They encourage balanced budgets by increasing taxes and reducing government spending on essential services like education, health and elimination of subsidies. They also encourage production of goods for export as opposed to consumption and also imports. The market is controlled by demand and supply and not the government even where intervention is required in order to stabilize prices.
These structural policies were supposed to develop the economies of developing countries but less or no achievements have been made. They have discouraged private investors or made them to be monopolies hence straining the poor. The standard of living of member states has deteriorated due to high prices as a result of currency devaluation and lack of price controls. It has also contributed to poverty, unemployment due to reduced investments, and environmental degradation due to overemphasis on cash crop production among others (Holden, 1997). Environmental degradation is a hindrance to agricultural development. Agriculture has further been hindered by removal of subsidies on inputs such as fertilizer and entrance of subsidized imports from European markets as well as lack of credit for agriculture expansion. This paper is a critique of the impact of structural adjustment programmes on agriculture in Southern Africa.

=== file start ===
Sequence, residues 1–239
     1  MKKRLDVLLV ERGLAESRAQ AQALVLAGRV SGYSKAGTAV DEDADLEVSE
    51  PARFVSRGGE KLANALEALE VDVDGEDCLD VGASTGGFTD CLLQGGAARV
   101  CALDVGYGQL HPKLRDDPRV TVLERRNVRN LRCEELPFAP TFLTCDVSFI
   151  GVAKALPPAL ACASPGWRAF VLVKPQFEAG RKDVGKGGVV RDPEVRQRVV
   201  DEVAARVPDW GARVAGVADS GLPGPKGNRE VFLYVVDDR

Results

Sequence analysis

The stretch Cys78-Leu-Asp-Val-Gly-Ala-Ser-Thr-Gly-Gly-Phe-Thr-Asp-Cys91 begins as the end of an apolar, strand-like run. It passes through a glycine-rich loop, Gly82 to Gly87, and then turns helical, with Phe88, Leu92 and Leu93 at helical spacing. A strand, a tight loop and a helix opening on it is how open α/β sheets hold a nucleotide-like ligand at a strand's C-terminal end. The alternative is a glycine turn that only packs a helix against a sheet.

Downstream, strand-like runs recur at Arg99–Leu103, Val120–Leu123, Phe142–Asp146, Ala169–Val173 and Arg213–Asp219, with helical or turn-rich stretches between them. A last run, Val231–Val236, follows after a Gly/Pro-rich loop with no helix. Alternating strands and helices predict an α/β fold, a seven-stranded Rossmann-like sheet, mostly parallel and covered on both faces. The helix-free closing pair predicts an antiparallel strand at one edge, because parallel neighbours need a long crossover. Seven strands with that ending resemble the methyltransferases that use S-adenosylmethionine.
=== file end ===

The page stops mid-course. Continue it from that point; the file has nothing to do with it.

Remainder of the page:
Agriculture is the backbone of most economies in Africa. Many countries engage in food crop production for subsistence, livestock farming and cash crop farming as a foreign exchange earner. Bryceson (1995) observes that agriculture is mostly considered as the practice for women and children as men engage in formal careers or sometimes cash crop production. Many factors affect agricultural activities leading to poor yields, hunger and malnutrition. These include; climate change, cost of farm inputs like fertilizer, market accessibility, land tenure, land degradation and health of workers among others. The southern African